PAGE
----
It’s then we enter that magic garden where we see the sagging jawline, thinning hairline, beginning of a wrinkle under one eye and your boobs are certainly not getting any perkier. We worry about stuff we never did or maybe never will. We have more time to think, which, depending on the day, can be a good or bad thing. When another birthday is about to be ticked off the calendar, there’s no telling where your mind can go. Here’s where mine rolls today, just thinking that:
Despite the many late life Pollyanna slogans about getting older, my best dreams and aspirations are behind me (face palm) except of course, for my posterior, which now gets a lot fewer rave reviews.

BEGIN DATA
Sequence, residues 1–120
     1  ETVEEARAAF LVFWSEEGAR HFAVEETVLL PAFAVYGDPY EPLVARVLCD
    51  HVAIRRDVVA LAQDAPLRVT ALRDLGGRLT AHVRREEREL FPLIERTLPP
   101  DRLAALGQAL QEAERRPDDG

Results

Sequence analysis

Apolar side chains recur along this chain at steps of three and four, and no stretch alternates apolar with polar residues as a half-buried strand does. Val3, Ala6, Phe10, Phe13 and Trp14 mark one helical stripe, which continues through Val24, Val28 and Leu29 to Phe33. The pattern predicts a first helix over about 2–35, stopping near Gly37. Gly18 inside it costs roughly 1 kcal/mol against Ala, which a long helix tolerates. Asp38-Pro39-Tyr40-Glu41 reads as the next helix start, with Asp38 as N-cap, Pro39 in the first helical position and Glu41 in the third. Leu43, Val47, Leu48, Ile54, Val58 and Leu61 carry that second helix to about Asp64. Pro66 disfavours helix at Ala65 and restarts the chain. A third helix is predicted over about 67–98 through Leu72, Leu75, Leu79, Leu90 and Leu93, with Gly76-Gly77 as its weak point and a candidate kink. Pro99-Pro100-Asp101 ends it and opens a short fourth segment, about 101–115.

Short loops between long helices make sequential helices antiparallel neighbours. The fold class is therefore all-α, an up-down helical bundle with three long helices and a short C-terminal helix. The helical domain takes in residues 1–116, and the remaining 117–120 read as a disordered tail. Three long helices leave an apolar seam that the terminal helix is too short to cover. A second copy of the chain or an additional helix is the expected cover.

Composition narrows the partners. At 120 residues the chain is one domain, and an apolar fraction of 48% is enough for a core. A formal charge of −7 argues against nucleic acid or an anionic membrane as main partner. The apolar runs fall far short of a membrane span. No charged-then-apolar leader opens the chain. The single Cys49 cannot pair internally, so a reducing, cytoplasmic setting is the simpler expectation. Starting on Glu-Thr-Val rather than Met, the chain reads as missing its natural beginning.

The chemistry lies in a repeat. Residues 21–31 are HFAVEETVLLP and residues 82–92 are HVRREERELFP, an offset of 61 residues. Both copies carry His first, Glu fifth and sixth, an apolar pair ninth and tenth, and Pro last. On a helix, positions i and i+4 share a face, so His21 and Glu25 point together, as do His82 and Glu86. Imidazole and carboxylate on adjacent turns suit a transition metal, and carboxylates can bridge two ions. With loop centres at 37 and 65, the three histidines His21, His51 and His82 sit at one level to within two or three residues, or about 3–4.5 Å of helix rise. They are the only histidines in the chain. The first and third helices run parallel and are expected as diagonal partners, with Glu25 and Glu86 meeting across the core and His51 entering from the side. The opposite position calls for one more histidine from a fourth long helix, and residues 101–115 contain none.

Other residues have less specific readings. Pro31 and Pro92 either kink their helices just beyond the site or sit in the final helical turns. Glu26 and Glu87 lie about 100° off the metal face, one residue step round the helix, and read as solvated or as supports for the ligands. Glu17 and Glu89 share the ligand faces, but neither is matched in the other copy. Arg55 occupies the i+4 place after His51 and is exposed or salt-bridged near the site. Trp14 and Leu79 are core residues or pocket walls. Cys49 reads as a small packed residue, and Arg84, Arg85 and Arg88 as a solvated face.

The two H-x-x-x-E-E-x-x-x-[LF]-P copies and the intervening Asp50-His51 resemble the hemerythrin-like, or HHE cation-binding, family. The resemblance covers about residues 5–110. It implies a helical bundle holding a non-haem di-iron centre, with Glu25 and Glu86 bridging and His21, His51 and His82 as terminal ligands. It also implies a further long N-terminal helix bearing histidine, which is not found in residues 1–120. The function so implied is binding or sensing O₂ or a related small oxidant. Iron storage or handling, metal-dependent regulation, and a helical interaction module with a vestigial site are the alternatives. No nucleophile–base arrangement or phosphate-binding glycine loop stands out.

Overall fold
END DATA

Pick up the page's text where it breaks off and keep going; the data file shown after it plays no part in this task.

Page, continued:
It’s now a whole lot harder to remember what I ate last night — as well as simple words that seem always stuck on the tip of my tongue.
I once thought my elders’ morbid musings about how many more months and years were behind than ahead were a yawn, until today, when it’s all too obvious now how damn fast days go by.
No matter how many mistakes I or my children made, they will always be the best things I’ve ever done and who I love most in this world. That is, except maybe for their own kidlets, who I’d slay every dragon for, even knowing I’ll only see their future from my rear view mirror.
“Regrets, I’ve had (more than) a few” sang Frank Sinatra but pity parties and rant breakdowns can lead to the best breakthroughs. Actually, they are the true blessings of living in a grateful present.